“We are condemned to hope.”
Syrian playwright, mid-90s
I began this post in the lobby of the famed Mille Collines hotel in Kigali. I wasn’t able to get very far and then the document sat unattended as my stay in Rwanda never really afforded me much time for non-work, non-family commitments. Then I wrote another paragraph in the Kigali airport where I thought separation from office and family would present me with a spare moment (though electronics have indeed not fully separated me). That didn't work since I ended up chatting with some people I know.
I’ve traveled through that airport on a near monthly basis for the past four and a half years or so. Generally when I’m there it is in the anticipation of seeing my family. However given the turmoil in Burundi and their relocation to Rwanda, there was a rather odd feeling of impending separation.
Fortunately it will not be for long. In a couple of weeks I will return to Kigali, round up the family and head off on holiday to the US. At least that is the plan.
Back here in Burundi, the situation is dicey at best. Grenades and gunfire are now a daily occurrence as we move closer to the elections. As I'm sitting on my bed I periodically hear the sound of automatic weapons and an occasional grenade blast. Doesn't sound to far away. Just received a message that there are ongoing firefights in at least three different neighborhoods. A helicopter hovers overhead monitoring opposition movements.
Parliamentary and local elections take place on Monday and the presidential elections take place a couple weeks later. Officially 106 thousand people have fled the country as refugees. Many thousands more have relocated to surrounding countries and beyond as “tourists” or some other status while they escape the dramas unfolding in the country.
I agree that the thought of returning was not pleasant. Even if I don’t feel that I am necessarily in any particular danger, it is nearly constantly uncomfortable. No matter what side you are on it is troubling. Because this country is notorious for two degrees of separation, death and/or injury often involves someone people know or someone who knows someone they know. Or it’s in your neighborhood. Staff morale is down. I'm not sleeping well.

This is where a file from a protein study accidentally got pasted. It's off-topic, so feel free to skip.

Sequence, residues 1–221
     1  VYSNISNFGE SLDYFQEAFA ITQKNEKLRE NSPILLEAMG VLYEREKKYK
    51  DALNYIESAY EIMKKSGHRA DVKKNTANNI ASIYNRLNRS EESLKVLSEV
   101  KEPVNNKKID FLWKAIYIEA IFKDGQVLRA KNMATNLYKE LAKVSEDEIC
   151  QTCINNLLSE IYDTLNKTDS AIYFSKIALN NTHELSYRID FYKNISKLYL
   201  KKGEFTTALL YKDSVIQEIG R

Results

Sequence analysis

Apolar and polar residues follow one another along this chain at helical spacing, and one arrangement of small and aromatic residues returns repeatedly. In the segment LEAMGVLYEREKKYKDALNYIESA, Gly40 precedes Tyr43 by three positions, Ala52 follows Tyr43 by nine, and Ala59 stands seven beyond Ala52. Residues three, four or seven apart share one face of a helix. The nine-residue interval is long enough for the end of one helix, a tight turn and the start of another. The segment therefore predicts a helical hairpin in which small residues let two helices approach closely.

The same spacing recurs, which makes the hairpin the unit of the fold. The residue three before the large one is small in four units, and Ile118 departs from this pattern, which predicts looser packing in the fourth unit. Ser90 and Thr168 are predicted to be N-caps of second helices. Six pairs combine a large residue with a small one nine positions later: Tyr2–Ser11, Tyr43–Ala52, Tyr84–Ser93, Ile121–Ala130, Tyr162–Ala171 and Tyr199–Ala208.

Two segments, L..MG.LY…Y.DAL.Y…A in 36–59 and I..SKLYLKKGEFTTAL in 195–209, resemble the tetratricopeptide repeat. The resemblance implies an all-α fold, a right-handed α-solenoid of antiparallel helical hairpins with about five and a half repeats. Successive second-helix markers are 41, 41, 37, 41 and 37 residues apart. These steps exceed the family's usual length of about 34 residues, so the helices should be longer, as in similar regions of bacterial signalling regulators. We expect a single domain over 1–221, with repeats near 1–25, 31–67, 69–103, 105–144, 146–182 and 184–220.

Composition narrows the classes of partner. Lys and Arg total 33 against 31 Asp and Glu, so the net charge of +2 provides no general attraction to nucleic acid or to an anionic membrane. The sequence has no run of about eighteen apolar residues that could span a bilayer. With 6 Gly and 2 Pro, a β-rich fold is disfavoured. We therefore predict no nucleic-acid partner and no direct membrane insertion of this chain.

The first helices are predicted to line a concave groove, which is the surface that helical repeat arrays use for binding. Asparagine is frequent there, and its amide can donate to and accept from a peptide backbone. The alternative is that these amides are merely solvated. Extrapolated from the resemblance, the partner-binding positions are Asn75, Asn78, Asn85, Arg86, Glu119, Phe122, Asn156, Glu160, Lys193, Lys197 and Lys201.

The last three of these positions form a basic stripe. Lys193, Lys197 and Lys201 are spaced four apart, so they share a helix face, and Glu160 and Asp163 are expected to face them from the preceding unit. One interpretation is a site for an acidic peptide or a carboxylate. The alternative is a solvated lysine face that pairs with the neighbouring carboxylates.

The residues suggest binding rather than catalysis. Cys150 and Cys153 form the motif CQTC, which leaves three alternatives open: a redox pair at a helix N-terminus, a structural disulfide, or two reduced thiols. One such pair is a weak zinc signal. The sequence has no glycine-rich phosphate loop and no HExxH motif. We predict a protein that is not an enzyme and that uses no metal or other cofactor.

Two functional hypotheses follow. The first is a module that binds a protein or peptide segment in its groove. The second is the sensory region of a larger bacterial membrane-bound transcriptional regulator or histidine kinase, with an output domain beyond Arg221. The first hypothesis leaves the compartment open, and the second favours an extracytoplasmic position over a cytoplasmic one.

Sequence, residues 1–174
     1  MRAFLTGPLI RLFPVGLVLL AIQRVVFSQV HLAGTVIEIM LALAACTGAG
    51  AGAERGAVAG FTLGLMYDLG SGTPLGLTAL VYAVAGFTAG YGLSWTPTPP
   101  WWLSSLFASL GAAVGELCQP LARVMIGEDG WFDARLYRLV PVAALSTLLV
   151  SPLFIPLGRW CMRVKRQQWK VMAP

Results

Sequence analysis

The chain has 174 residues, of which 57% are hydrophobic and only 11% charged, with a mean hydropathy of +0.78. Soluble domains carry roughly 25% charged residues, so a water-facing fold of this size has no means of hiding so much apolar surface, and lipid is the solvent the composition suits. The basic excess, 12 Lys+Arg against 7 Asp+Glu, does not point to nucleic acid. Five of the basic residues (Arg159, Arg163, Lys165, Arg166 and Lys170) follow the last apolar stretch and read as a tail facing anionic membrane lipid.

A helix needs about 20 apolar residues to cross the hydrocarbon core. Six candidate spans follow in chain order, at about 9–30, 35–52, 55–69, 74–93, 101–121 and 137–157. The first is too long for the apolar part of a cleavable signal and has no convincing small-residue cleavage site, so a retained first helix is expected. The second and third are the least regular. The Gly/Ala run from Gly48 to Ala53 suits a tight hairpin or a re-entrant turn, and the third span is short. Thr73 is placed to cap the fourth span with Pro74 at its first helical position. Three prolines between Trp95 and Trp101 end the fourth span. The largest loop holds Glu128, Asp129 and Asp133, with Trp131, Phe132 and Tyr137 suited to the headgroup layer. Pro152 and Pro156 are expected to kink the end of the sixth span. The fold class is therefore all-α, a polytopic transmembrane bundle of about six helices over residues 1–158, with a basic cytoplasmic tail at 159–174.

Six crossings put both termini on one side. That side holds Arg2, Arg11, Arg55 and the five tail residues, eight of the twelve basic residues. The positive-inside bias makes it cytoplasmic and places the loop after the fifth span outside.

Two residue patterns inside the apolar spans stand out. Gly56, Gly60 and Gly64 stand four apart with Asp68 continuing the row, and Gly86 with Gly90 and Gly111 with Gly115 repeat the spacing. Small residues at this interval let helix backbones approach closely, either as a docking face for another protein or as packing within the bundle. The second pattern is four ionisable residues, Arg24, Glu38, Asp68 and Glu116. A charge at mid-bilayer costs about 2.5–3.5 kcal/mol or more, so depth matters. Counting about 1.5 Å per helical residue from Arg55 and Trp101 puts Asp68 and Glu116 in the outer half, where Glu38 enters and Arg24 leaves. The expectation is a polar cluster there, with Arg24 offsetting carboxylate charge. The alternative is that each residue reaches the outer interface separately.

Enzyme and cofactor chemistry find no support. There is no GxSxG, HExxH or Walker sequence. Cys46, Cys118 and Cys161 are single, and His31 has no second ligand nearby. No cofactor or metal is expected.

Almost worse than the idea that things may get dramatically worse, is the uncertainty surrounding how long this may last. The longer it does, the more dire the humanitarian consequences. Even if things were to turnaround today, the reverberations would be felt for months if not years to come. As is the case for many sub-Saharan countries, this is a government driven economy. The crisis has caused the suspension of millions upon millions of direct government donor support which is subsequently sending the economy into a tailspin. Some estimate that about a third of the GDP dried up overnight. And things were desperately poor to begin with.
With only a weekend between now and the parliamentary and local elections, it's as tense as I've ever felt it. All of our other expats are out of the country. Though one might have the sense that this is the 11th hour, this unfoling drama has a way of adding new twists and turns making it unpredictable. Just when you think doom is near, something happens that gives you a brief feeling of optimism. And then it goes away.
I met with some staff representatives this afternoon and at the close of the meeting they said they wanted to tell me something. They said that they were very happy that I chose to stay while so many others have left. They said that it has had a positive impact on staff morale. As I drove home I thought about what they said. I'm happy they feel that way and it makes me glad I'm here. But I have a hard time escaping the profound sadness I have for them and their country. I pray that somehow we'll all get through this without a great deal of carnage. We shall see.